In an attempt to hit marijuana offenders with two separate violations, a law in the state of Texas allows for a controlled substance to be taxed, even while it is illegal to possess under state law.
For marijuana the tax comes in the form of The Texas Marihuna (that’s the spelling used by the state) Tax Stamps, which are printed with skull and cross bones as well as the iconic image of death.
And before you think no one would buy one, the program has generated about $26,000 in revenue since 2008, although some – like Lorena, TX city manager Billy Clemons, who helped draft the tax stamp law back in the day – thinks the stamps are being bought by collectors. The list of buyers is not available for public viewing.
But then the courts stepped in.
Growers and dealers are the intended targets but casual users are also required to pay up. The tax rate is set at $3.50 per gram. When calculated from the minimum amount of 4oz – a tax bill can start at about $400. Toss in a pound of pot and it hits almost $1,600.
It was reported, within the first five years of the law being on the books, the Comptroller’s Office issued more than $2-million in tax delinquency notices. But an unexpected court ruling turned the tables on the Stamp, as a result an unexpected loophole has been created. It came from the Texas Court of Criminal Appeals. The 5 to 4 ruling in 1996, determined that locking people up on a drug charge and also charging them a tax penalty amounted to double jeopardy.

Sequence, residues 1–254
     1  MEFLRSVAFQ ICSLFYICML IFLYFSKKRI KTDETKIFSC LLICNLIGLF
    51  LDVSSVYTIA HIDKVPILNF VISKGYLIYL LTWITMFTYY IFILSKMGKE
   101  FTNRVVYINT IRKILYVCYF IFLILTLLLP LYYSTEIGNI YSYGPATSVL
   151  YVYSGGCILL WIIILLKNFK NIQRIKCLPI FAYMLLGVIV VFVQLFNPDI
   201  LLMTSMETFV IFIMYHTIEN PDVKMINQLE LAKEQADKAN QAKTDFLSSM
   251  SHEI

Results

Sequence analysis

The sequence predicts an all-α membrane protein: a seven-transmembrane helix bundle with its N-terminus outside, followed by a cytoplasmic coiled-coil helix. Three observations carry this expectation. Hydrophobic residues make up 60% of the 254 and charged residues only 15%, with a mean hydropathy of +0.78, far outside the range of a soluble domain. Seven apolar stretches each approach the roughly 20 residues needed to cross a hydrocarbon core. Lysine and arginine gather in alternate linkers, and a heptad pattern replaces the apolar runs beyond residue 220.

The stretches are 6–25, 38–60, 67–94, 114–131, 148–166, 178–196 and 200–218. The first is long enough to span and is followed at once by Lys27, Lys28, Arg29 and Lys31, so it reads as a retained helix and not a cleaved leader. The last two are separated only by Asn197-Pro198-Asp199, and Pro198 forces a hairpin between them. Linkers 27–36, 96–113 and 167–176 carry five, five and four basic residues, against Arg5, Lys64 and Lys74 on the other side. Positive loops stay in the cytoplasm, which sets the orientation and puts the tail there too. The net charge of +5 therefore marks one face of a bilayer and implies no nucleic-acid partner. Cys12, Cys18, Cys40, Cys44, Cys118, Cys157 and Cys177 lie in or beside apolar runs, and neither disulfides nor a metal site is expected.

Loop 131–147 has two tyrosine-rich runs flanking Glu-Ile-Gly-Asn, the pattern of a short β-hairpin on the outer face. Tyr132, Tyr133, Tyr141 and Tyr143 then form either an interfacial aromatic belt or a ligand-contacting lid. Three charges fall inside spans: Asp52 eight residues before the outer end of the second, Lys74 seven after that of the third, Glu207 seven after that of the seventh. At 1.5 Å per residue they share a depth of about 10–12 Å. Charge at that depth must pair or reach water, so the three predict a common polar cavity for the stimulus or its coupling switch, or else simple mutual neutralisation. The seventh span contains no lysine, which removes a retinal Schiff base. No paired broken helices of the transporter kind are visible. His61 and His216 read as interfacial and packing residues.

“It’s double jeopardy, because the tax has nothing to do with anything but punishing people,” said the lead defense attorney in the above-mentioned case, Tom Moran.
“It’s provided an opportunity for people to pay their drug tax and avoid criminal prosecution or criminal punishment,” Moran went on to say.
In theory anyone can use the tax stamp defense if they are caught with marijuana and pay their way out of jail.
“Get a receipt [for your payment of the tax at the Comptroller’s Office], attach it to an application for a writ of Habeas Corpus for violation of the Double Jeopardy Clause and you can litigate, the Supreme court says you can litigate that pretrial. Post a bond and you can just walk out the door,” said Moran.
Bizarre laws abound in this country, and Texas seems to have more than its fair share of them.